Place one block under each of your hands. You can choose to place your hands on the wide side or the thin side of the block. Make sure that your hands are firmly placed on the blocks to avoid slipping or falling. Really dig your palms and lay your fingers flat on the block.
Tuck your toes in and as you exhale push your hips up in the air. Your body should be forming an inverted V-position. Make sure that your back is straight. You can keep a slight bend in the knees or straighten your legs and place your feet flat on the floor.
Hold this pose for 5 to 10 breaths.
Seated Forward Bend
The Seated Forward Bend is a simple yet effective yoga pose for freeing up tensions in the hamstrings, lower back, shoulders, and arms. Using a block with this pose can help enhance the natural curve of the spine and stop you from hunching your upper back, which is a common mistake practiced in this pose.
Start by sitting down on the block with your legs straight pointing towards one edge of the mat.
You can have a slight bend in your knees or you can keep them straight. Just make sure to keep your legs active by flexing your feet upwards. Doing so will protect your knees from any injuries.
Take a deep breath, and as you inhale, raise your arms up high.
As you exhale, slowly bend forward and try to grab onto your big toes or grab your wrist and hook your hands onto the flat of your foot.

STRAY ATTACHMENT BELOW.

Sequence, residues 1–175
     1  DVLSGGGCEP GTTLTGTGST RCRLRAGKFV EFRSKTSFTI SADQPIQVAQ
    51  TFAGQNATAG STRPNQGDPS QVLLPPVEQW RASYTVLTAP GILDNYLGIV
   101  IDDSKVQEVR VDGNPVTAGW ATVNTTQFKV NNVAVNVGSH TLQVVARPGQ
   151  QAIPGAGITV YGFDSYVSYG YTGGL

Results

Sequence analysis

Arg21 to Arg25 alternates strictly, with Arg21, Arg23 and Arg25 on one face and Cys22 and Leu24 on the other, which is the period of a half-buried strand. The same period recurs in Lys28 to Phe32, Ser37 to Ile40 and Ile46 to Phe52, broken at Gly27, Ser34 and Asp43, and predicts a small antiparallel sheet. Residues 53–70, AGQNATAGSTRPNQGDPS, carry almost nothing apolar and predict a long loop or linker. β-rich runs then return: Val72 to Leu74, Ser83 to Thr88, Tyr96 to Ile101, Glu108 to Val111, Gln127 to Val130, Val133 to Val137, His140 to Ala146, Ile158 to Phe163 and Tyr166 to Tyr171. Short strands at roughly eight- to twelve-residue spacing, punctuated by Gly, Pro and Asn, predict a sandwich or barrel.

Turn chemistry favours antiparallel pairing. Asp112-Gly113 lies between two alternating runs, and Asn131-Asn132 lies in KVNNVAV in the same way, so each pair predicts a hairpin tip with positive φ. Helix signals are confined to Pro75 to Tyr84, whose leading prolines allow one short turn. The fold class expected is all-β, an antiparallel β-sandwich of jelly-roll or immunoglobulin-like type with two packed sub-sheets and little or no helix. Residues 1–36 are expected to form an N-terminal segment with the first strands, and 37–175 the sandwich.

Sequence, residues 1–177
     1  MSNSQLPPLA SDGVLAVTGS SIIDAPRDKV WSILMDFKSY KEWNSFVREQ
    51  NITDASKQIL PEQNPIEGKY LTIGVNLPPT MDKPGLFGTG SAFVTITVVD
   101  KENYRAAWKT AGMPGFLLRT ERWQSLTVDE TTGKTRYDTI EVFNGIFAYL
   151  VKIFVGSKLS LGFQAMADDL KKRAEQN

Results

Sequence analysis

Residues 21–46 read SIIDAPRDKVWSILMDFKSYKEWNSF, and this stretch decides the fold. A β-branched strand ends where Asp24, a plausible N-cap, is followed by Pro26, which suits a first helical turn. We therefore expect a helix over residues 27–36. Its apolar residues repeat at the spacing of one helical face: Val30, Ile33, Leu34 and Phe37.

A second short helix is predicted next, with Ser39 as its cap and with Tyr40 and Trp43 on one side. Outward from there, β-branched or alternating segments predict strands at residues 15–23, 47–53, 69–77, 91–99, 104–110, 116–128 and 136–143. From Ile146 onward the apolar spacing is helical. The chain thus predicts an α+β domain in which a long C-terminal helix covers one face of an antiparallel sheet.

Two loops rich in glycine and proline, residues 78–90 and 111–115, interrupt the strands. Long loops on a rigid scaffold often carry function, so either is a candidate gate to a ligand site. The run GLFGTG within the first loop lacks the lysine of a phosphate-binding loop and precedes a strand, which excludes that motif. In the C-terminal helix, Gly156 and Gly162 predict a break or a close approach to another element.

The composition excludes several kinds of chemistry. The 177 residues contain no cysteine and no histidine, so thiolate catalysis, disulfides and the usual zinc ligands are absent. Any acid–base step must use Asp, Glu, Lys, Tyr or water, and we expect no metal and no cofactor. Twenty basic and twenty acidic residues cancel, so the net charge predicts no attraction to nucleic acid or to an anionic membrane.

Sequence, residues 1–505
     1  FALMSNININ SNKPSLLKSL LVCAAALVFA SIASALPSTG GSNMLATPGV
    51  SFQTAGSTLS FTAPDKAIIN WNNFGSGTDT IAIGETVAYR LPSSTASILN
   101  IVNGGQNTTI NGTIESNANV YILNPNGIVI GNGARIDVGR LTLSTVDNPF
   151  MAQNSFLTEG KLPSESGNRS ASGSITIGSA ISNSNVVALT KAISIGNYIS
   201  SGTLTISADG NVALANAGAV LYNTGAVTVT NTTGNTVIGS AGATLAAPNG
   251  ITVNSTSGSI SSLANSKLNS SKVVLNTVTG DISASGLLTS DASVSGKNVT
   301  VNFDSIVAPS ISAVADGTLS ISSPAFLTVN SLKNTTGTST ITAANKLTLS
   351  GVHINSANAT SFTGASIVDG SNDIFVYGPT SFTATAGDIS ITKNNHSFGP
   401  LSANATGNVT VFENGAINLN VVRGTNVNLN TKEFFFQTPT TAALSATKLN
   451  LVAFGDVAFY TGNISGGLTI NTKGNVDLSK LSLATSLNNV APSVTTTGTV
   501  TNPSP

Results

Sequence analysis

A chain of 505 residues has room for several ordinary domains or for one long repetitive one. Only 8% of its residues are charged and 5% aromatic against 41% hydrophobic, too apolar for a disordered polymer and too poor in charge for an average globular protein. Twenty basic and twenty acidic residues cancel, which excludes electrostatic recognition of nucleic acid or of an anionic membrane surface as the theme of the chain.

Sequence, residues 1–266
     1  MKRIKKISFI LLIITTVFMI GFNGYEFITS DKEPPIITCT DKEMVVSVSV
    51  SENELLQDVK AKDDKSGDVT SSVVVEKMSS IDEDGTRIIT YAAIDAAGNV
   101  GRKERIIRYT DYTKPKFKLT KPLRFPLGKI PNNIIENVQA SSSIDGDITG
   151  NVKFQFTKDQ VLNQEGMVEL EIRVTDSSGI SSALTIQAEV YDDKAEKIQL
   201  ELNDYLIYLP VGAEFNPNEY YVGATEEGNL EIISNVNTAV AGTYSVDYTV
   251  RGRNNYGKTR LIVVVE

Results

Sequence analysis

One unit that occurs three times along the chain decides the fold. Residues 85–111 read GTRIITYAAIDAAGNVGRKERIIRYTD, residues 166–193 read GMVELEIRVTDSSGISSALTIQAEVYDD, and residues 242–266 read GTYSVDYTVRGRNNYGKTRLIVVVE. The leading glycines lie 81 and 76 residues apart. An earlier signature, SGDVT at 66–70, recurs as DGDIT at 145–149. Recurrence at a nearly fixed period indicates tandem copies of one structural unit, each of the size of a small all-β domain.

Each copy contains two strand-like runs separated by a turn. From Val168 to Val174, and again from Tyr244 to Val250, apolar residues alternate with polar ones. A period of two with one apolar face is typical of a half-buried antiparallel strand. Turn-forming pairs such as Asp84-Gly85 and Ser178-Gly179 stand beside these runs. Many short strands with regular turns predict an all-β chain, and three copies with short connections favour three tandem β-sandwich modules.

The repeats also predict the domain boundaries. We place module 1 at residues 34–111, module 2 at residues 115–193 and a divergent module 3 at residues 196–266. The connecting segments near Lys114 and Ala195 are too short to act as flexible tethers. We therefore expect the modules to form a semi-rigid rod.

Look towards your shins and try to keep your back as straight as possible. Stay in this pose for 5 to 10 breaths.
If a pose like Seated Forward Bend is too challenging for you, Child’s Pose is a much gentler alternative. It can still provide a good stretch in the back without overdoing the stretch, making it great for people with lower mobility.
Begin on the floor in a tabletop position. Place two blocks shoulder-width distance apart at the top of your mat.
With your big toes touching, spread your knees out wide, towards the sides of the mat. Sit your hips back onto your heels and walk your hands forward to lower your chest down.
Place your hands on the blocks. Let your forehead rest down on the mat and close your eyes. Hold for 8 to 10 breaths.
The Fish Pose is great for releasing tension in the cervical spine and upper back muscles. It also works great as a chest opener. Make sure to take deep breaths while you hold this pose so you can get an even deeper stretch in your upper back and chest.
To begin, place one or two blocks going longwise in the center of the mat. It should be positioned in such a way that it lines up in between your shoulder blades and head. Sit in front of the blocks, bend your knees, and place your feet flat on the floor.
Place your hands behind you and slowly lower yourself onto the block(s). Adjust the blocks to be directly underneath your shoulder blades.